The fabrication of the laser shown in FIG. 1 used liquid phase epitaxy (LPE) techniques and semiconductor material that are known in the art. For example, substrate 2 can be semi-insulating GaAs and LPE techniques can be used to grow Ga1-x A1x As and GaAs layers 6, 4, 8 on top of the substrate. In one example, confining layer 6 is Ga.sub..55 A1.sub..45 As, active layer 4 is GaAs, and second confining layer 8 is Ga.sub..55 A1.sub..45 As. The three epi-layers are doped with tin to provide n-type conductivity and their thicknesses are 3, 0.3, and 2 μm, respectively.
A mask is deposited on top of layer 8 and zinc is selectively diffused into the epi-layers to form two, spaced-apart p-type conductivity regions 22, 24. After diffusion, the part is heat treated at 860° C. and metal contacts 10, 16 of Au-Zn on the p side and contact 12 of Au-Ge on the n side are applied separately. To provide lower resistance, a thin layer 11, 13, 15 of GaAs can be deposited on layer 8 before diffusion.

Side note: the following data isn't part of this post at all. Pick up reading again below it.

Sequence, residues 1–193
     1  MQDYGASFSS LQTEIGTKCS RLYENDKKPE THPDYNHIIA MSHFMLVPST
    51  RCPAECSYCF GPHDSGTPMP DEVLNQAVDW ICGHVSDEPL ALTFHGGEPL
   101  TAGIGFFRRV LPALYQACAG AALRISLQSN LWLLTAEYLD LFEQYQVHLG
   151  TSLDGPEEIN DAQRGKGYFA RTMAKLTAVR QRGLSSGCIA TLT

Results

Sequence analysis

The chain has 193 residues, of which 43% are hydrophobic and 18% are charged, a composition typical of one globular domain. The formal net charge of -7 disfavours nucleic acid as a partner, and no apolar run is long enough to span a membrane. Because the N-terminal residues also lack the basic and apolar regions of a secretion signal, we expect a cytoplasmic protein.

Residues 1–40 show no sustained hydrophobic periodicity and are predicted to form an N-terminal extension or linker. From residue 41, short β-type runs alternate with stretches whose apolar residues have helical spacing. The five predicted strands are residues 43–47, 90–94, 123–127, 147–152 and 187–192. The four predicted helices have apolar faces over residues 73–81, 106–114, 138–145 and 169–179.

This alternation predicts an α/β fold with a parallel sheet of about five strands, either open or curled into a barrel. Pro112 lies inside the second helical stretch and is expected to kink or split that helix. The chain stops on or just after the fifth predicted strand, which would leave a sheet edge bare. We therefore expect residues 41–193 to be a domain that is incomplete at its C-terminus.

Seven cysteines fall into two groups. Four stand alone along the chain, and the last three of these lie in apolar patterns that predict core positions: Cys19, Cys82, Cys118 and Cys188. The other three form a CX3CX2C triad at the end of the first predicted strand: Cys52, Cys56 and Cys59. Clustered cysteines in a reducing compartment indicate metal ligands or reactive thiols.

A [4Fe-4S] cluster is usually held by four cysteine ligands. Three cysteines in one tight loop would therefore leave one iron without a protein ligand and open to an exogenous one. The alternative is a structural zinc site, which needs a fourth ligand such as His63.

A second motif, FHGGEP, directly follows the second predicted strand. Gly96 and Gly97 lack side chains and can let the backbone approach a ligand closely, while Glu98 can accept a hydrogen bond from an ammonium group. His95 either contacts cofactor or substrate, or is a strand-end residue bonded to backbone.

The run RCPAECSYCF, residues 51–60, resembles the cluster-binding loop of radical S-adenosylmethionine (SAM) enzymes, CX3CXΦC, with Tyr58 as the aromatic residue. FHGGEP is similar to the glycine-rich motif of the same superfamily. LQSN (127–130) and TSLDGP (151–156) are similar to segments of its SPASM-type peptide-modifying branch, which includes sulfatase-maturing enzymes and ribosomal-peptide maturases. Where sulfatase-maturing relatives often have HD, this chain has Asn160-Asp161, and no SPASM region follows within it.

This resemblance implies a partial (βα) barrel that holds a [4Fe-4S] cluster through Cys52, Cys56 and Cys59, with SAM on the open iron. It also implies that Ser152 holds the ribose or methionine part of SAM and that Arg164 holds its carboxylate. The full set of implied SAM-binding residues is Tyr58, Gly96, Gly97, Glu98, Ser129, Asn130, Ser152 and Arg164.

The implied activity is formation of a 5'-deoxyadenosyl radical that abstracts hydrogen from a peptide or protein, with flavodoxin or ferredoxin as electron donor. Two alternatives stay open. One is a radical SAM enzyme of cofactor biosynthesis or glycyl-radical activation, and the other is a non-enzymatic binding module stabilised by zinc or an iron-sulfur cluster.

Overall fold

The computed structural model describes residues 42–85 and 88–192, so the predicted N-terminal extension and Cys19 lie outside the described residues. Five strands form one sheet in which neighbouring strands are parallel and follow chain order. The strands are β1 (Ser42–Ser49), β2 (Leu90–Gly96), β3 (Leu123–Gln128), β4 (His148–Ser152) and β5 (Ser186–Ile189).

In operation, current flows laterally across both p-n junctions from p-type contacts 10, 16 to n-type contact 12. Since GaA1As has a wider bandgap than GaAs, carriers are injected predominately across p-n junctions 18, 20 into the active GaAs layer 4. Laser beam 26 exits from the cleaved mirror face of the device at an angle θ. The value of angle θ depends upon the ratio value of Va/Vb as explained later.
FIG. 2 shows a second embodiment of the invention which utilizes a n-type substrate 28 rather than a semi-insulating substrate as in the FIG. 1 embodiment. Consequently, current can flow from the top of the device across the semi-conducting substrate to contact 30 to create laser beam output 26. Thus, the n-type substrate embodiment is similar to the embodiment shown in FIG. 1 except that the single contact 30 on the n-type material is located on the substrate surface opposite the surface on which the two contacts 10, 16 on the p-type region are located.